Here are some more pictures of the Trinity College campus I thought you might enjoy seeing. I’m writing about our Cliffs of Moher trip now so hopefully I will get that post up tomorrow morning! Peace and love, Elaine

Beautiful Quiet London Morning


We woke up early, you and I,
and I was soothed by the
whisper quiet breeze through
the tree outside our window
and your warm arms around me.

No cars, no loud people,
just quiet sunshine and
lovely fresh air.

Where is the noise?
Little birds cheeping from
across the park.
Where is the fog and overcast skies?
Only sunshine through thin,
wispy layered, not really there clouds.

This is not what I expected
in the middle of London.
Enchantment is not advertised
as one of London’s qualities.

Now, an hour later,
the city is slowly awaking.
Distant sounds are heard,
but the one most clear is
the solid reassuring tones
of the hourly church bells.

© Elaine Wood-Lane

Bridges|NaPoWriMo Day 28

I grew up in West Texas,
where bridges are few
and far between.

Rivers are rare
and often bare,
no water to be seen.

Lubbock County
has but one little bridge
over a little dry draw.

I went to San Francisco,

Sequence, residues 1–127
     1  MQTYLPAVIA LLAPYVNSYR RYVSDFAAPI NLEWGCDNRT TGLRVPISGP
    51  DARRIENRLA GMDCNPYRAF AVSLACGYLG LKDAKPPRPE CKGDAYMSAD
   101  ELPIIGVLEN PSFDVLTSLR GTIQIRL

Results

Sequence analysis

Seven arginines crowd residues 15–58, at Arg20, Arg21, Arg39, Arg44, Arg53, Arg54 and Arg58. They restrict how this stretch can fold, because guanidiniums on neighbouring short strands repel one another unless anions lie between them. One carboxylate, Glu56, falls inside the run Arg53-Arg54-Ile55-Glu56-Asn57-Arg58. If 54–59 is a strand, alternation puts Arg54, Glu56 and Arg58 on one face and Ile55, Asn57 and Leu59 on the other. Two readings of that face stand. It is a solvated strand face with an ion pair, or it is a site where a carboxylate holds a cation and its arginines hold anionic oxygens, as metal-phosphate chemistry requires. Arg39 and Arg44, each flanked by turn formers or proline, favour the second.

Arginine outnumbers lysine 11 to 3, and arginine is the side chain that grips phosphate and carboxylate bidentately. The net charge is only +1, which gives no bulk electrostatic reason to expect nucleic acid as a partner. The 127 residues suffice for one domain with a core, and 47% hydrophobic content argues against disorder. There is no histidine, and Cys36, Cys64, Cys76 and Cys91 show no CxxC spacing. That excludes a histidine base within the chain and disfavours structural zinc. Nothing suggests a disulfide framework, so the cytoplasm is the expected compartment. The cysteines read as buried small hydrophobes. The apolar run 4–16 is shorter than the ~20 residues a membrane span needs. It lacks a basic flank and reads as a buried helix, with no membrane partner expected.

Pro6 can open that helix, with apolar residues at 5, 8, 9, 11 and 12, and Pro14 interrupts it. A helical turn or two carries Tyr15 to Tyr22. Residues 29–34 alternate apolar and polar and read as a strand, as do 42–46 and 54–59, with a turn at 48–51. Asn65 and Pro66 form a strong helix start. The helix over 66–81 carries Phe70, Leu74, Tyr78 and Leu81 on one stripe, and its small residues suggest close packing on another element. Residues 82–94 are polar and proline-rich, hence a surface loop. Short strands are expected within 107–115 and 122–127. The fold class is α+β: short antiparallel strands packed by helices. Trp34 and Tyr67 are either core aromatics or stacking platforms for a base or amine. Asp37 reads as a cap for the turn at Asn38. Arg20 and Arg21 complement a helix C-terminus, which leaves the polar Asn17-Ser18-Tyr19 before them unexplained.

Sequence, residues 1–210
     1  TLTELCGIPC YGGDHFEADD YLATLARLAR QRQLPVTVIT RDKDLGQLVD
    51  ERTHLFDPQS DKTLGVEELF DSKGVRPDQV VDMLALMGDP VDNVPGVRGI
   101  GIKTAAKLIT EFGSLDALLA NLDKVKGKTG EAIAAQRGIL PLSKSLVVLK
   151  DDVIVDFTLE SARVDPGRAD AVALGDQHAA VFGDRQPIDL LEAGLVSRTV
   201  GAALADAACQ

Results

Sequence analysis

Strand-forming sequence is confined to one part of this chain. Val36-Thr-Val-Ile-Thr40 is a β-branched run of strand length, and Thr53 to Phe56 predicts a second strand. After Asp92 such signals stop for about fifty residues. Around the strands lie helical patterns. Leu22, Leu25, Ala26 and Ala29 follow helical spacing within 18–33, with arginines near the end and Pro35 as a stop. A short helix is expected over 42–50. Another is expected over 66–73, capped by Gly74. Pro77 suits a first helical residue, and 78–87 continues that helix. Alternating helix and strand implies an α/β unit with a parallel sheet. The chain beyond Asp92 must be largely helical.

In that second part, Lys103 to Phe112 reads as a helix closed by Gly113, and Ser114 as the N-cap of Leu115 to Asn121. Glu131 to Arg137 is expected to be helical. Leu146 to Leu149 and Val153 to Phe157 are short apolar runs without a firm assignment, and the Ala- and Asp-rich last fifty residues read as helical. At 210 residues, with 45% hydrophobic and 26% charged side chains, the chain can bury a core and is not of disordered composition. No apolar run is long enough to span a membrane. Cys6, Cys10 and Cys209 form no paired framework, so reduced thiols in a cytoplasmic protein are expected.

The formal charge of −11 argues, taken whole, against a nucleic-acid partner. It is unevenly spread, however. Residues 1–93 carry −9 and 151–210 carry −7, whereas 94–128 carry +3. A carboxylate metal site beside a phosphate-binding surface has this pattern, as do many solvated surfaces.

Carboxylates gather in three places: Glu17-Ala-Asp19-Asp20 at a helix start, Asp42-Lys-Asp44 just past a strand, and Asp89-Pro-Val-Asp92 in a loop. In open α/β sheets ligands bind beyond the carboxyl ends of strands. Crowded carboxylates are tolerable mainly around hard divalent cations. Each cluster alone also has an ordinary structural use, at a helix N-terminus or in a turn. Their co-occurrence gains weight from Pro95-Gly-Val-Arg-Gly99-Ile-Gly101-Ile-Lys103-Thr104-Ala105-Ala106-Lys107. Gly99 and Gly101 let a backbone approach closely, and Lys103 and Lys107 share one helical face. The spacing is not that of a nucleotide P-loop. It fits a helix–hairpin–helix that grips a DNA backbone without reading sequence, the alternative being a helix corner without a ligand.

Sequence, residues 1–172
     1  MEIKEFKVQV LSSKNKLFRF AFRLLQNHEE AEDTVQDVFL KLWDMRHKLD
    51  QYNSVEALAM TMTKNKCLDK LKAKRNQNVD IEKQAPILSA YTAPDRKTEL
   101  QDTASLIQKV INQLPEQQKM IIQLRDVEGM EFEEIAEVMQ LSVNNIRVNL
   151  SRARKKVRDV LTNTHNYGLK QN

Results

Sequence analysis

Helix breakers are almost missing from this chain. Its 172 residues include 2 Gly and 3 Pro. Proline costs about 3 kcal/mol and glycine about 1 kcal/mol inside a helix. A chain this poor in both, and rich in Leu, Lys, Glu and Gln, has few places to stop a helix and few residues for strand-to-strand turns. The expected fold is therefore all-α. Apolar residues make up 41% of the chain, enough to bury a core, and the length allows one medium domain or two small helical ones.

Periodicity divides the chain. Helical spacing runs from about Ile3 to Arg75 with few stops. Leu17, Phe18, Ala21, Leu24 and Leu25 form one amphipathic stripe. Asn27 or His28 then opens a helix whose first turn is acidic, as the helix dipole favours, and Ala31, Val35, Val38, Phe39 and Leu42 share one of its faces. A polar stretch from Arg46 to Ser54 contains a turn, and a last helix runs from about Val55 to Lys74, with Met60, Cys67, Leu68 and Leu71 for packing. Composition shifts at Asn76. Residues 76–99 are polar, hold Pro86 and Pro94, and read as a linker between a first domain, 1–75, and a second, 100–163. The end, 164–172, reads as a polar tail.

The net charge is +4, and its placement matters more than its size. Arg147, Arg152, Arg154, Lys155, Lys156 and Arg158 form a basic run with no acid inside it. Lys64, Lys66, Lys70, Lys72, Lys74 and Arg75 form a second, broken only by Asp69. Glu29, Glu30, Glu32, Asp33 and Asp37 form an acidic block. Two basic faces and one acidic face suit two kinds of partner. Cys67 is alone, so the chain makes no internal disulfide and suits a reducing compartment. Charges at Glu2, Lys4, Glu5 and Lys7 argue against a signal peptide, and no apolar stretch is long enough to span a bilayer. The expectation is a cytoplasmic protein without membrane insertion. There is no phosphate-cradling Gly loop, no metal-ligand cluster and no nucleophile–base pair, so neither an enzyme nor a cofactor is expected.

where bridges abound,
and was completely awed.

I went on the Oakland,
plus the Golden Gate,
and fell completely in love.

I loved seeing
the blue waters below
and the big blue sky above.

Now I live in Colorado,
where rivers
and bridges are many.

I’ve walked across the
Royal Gorge bridge,
totally worth the penny!

I’ve been converted
to bridges you know,
they thrill and mystify me.

I still love best,
the great big ones,
that span a deep blue sea.

© Elaine Wood-Lane

Today’s challenge was to write a poem about bridges. A bridge is a powerful metaphor, and when you start looking for bridges in poems, you find them everywhere. Your poem could be about a real bridge or an imaginary or ideal bridge. It could be one you cross every day, or one that simply seems to stand for something larger – for the idea of connection or distance, for the idea of movement and travel and new horizons.

Growing up in a place with few real bridges, they seemed a bit scary. However, after crossing the Oakland Bay Bridge (Bay Bridge to the locals), over that dark water at night, I was hooked! Since then I’ve ridden and walked on many bridges and even gone under a few by boat (ferry in San Francisco) and by train (under the Royal Gorge in Colorado). Bridges are fun!

Love and peace, Elaine